The week of New Year’s Day 2014, we supported Pensacola Florida. While we did stay in a chain hotel, the rest of our money was spent in local restaurants and grocery stores. The end of January and first of February found us supporting the local economy of Savannah, Georgia.  We stayed with family, and when we ate out, we ate almost exclusively in local eateries. Our entertainment was taking local tours. The middle of February, the HH was sent to work on the island of Maui in Hawaii, and I went along for about week myself. Again, we supported local as much as possible.  His company rented a local house for him, and we both ate in local restaurants and shopped in local stores.  We explored the island taking tours with local people or lessons, like the HH’s surfing lessons, from local instructors.

My husband finished his work in Hawaii, and then he joined the rest of my side of the family on family vacation in the North Georgia mountains.  While we stayed in a resort, the resort employs people who otherwise might have difficulty finding local employment. It was the local grocery stores, gas stations, and restaurants that benefitted from our travels to this location from all over the Eastern U. S.

Back on the road again, the HH worked for about three months in New York, and I shared a tourist long weekend with him while there.  Yes, he stayed in a chain hotel and had to rent a car from the chain business with which his company contracts, but it was the local food and sites where we spent money that otherwise might not have been spent as we explored parts of New York and New Jersey.  We even supported one of the local baseball teams with our attendance and dinner at the stadium.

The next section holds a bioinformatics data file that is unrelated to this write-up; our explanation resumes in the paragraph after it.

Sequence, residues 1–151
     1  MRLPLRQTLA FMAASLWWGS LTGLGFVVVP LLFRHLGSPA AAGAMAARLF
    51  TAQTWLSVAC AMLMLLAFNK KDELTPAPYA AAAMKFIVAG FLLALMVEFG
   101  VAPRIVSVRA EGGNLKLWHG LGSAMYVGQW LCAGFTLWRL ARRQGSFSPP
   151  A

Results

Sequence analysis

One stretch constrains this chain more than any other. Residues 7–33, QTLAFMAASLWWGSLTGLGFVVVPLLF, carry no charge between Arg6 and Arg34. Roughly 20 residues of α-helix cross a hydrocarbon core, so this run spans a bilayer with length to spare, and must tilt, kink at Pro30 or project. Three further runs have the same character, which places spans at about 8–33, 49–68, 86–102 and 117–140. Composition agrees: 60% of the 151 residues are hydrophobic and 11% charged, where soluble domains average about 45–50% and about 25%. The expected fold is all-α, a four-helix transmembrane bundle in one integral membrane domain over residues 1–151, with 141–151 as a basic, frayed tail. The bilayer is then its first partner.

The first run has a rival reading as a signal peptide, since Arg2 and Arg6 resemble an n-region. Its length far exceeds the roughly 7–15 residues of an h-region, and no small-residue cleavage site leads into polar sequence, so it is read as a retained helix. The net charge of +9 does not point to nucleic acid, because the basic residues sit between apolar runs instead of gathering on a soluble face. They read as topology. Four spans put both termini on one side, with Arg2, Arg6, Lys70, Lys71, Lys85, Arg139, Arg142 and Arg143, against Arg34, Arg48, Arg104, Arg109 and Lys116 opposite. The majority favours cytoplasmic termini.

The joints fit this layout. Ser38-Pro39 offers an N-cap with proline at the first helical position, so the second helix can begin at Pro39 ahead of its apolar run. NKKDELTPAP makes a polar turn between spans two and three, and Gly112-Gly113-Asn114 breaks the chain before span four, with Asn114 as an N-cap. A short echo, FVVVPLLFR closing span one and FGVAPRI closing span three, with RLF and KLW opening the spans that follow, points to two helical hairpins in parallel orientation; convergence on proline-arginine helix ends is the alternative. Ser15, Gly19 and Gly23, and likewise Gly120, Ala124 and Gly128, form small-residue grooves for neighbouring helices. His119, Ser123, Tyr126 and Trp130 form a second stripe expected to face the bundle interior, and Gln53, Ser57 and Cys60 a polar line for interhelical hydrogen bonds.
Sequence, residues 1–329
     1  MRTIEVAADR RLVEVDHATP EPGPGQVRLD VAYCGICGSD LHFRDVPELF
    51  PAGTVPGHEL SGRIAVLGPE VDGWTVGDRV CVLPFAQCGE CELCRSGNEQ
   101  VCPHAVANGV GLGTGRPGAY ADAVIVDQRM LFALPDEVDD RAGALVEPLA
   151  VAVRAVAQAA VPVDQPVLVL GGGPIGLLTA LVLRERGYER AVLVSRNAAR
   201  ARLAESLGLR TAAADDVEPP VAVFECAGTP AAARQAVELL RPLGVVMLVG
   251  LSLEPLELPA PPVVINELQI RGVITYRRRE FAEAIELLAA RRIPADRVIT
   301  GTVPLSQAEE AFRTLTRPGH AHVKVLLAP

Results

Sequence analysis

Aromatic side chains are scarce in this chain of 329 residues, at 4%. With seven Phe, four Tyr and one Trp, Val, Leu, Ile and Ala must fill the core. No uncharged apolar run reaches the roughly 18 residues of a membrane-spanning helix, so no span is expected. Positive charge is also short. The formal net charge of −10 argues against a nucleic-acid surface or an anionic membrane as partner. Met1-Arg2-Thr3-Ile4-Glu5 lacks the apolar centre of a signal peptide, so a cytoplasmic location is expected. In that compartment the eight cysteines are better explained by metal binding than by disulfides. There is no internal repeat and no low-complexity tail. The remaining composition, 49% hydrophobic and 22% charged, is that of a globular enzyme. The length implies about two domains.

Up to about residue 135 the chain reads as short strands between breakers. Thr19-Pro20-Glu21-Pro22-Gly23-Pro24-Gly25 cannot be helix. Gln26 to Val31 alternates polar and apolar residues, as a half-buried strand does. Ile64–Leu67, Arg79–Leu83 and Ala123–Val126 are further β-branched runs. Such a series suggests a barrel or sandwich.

All through the year, my husband and I support local in the city and county where we live as well as in the surrounding areas; we have had a blast doing things like attending plays performed at local colleges and visiting the various local restaurants, bars, and entertainment venues in our area. Check out some of these stories by clicking here, and here, and here.

Now, my husband and I gear up for the Mother of all road trips down the Mother Road: Route 66. With our itinerary set, we’ve booked our lodging and have sights set on potential restaurants.  While fiscal responsibility requires that we use hotel points as we are able, the vast majority of our nightly lodging will be in local motels or B & Bs. Here are the names of some of the local places where we have made reservations for our trip out to L. A. and back home again.

  • Big Texan Motel, Amarillo, TX
  • Crow’s Nest B & B, Las Vegas, NM
  • Globetrotter Lodge, Holbrook, AZ
  • El Trovatore Motel, Kingman, AZ
  • Route 66 Motel, Barstow, CA
  • Prospect Place B & B, Hot Springs, AR

Restaurants will be almost exclusively the local spots along the way. Here are few that we have in mind.

  • Shoeless Joe’s Ale House, Chicago, IL
  • Houlihan’s Restaurant & Bar, Springfield, MO
  • Big Texan Steak Ranch, Amarillo, TX
  • Kix on 66, Tucumcari, NM
  • Joe & Aggie’s Diner, Holbrook, AZ

Of course, we’ll visit many, many places along way that will include, but in no way are limited to, sites such as the ones below.

  • Lincoln’s Tomb, Springfield, IL
  • Meramec Caverns, Stanton, MO
  • Museum of Pioneer History, Chandler, OK
  • Palo Duro Canyon State Park, Amarillo, TX
  • Pecos National Historic Park, Pecos, NM
  • Meteor Crater, Meteor City, AZ
  • Joshua Tree National Park, Joshua Tree, CA

Enjoy yourself, and help America!